My two favorite things, Doctor Who and spaceflight, get to come together today. 😉
First, of course, a belated look at the teaser trailer that dropped last weekend during the World Cup:
It reveals basically nothing, but I’m still doing my happy dance. 😉
And then, there’s an exciting new announcement from the UK government, Lockheed Martin, and British rocketry startup Orbex: the first orbital launch site in the UK has been selected. On the A’Mhoine Peninsula in Sutherland, on Scotland’s northern coast, the site will be well positioned for polar and sun-synchronous launches. In addition to the already agreed-upon use of Orbex’s still-in-development small launch vehicle, Lockheed is also talking with Rocket Labs about using their Electron launch vehicle. Here’s Lockheed’s own little teaser trailer on the subject:
And that’s not even it for Brit-Space! Virgin Orbit, which is aiming for their first orbital launch possibly as soon as next month out of the Mojave Air & Space Port, is now also developing plans to operate out of Cornwall as well. Being run by Brits, they have a very strong interest in bringing Cosmic Girl and her under-wing launch vehicle home. 😉 They hope to thereby appeal to European and British satellite manufacturers, by being able to skip a costly and time consuming transatlantic shipment of their spacecraft to a launch site. Here’s *their* teaser trailer, for Spaceport Cornwall:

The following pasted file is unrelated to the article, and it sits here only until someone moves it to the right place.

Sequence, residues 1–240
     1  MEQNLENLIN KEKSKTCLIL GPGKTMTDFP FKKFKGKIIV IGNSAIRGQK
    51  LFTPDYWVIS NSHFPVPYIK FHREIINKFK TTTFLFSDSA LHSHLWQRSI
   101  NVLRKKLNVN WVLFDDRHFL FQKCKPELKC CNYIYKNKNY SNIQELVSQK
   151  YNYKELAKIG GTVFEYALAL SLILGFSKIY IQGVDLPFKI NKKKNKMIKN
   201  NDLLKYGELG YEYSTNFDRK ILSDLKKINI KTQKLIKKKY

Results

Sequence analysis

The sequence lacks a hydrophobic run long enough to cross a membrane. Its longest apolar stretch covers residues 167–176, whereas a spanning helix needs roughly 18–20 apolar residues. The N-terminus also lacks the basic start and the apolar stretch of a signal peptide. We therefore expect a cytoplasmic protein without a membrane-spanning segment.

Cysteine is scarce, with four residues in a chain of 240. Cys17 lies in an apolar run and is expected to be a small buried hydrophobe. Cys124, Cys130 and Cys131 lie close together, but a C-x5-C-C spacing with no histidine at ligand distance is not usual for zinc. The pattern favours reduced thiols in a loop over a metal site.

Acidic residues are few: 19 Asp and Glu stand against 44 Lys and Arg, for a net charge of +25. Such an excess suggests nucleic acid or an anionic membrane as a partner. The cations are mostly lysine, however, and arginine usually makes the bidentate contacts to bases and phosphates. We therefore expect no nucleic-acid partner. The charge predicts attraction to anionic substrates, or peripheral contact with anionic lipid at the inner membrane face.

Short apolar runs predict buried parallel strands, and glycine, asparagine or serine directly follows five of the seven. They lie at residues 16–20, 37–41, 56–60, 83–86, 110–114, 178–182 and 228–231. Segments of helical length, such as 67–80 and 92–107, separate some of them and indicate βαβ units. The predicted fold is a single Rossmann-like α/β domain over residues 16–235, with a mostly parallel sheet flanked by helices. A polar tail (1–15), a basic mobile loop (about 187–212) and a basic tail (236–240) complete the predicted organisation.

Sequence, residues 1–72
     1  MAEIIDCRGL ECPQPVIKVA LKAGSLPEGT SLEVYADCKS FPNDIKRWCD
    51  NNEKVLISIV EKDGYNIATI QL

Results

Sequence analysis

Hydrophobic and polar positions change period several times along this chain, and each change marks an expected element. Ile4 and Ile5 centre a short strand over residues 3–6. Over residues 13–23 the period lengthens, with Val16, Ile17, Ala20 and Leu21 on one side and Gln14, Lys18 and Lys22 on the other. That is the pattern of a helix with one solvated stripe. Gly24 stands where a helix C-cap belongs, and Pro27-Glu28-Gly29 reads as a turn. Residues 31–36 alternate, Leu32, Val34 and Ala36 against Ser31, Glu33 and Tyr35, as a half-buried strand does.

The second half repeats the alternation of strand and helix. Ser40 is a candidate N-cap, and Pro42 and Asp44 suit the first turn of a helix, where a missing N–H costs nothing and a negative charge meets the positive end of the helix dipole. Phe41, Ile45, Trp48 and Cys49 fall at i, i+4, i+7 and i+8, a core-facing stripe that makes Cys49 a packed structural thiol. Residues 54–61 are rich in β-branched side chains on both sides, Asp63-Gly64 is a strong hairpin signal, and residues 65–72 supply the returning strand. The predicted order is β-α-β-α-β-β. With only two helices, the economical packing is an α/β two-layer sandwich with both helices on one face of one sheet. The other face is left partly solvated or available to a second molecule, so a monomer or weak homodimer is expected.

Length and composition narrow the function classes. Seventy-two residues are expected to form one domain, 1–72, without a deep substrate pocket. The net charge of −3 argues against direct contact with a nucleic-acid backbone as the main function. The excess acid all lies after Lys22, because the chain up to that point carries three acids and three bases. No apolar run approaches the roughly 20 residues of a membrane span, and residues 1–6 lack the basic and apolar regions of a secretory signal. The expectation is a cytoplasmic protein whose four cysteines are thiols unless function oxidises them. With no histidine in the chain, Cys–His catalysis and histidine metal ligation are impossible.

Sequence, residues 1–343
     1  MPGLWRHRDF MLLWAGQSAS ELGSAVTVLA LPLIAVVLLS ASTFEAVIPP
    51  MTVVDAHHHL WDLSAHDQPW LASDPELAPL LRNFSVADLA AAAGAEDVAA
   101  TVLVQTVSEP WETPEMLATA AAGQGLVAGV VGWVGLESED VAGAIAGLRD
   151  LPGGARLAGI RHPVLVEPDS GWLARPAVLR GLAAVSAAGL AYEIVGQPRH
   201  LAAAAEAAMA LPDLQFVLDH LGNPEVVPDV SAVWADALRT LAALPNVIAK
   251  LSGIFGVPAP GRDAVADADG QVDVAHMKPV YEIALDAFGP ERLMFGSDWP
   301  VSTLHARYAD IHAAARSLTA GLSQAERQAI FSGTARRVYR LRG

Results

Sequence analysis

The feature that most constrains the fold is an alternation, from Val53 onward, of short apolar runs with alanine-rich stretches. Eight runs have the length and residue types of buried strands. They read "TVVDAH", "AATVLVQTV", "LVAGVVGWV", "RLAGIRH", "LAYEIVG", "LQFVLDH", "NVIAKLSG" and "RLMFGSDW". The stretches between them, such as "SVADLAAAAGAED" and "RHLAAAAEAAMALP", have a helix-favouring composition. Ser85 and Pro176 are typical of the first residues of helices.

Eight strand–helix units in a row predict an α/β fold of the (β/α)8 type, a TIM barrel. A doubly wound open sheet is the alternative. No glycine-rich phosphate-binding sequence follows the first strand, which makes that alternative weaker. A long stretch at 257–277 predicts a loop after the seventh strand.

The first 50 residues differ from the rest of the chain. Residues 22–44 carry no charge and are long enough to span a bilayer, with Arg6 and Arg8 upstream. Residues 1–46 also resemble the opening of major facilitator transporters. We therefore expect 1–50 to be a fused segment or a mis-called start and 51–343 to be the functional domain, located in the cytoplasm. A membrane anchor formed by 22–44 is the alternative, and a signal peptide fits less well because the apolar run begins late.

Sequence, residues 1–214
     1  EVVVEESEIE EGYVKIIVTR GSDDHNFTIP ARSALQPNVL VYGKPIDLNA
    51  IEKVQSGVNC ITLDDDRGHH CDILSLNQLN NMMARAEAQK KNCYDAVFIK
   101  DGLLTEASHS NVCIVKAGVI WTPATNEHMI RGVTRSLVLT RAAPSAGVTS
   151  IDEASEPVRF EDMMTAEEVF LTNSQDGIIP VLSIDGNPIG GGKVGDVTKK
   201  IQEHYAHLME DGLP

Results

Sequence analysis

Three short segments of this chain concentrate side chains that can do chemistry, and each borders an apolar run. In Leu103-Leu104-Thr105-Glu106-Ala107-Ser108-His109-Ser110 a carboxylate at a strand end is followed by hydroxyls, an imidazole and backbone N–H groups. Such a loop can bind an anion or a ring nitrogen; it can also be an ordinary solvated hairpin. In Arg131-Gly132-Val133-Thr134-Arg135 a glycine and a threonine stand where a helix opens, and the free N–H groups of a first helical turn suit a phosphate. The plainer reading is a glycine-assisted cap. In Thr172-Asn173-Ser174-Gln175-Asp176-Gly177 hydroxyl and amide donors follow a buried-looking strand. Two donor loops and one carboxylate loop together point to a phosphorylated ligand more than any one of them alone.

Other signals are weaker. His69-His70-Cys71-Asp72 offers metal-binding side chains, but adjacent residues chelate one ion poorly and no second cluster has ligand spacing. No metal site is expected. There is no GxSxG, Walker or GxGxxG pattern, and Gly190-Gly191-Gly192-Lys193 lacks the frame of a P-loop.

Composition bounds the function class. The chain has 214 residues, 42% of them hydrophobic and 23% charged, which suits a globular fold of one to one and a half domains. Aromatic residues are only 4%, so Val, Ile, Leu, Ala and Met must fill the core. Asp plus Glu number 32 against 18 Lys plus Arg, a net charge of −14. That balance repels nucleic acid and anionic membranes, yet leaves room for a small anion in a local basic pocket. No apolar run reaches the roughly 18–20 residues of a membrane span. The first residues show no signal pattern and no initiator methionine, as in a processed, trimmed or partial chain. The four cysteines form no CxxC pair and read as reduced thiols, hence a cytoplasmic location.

It sure is an exciting time, isn’t it? 😉
Progress MS-09 launched to the ISS today and docked with the station just two revolutions later. This is the fastest ever ascent to the station. (It is not the fastest ever ascent to a target in Earth orbit; I believe that record may still be held by Gemini 11, which performed a direct ascent to its Agena target just 94 minutes into the flight. But is definitely the fastest to the ISS.)
When the Dawn spacecraft left Vesta and began its transit to Ceres, scientists already knew from Hubble and ground-based imagery that there was something odd about Ceres: there was a big bright area on one side. The imagery they had was nowhere near good enough resolution to tell what it was, or even how big it was, but even before Dawn could see Ceres, that bright spot was a major area of interest.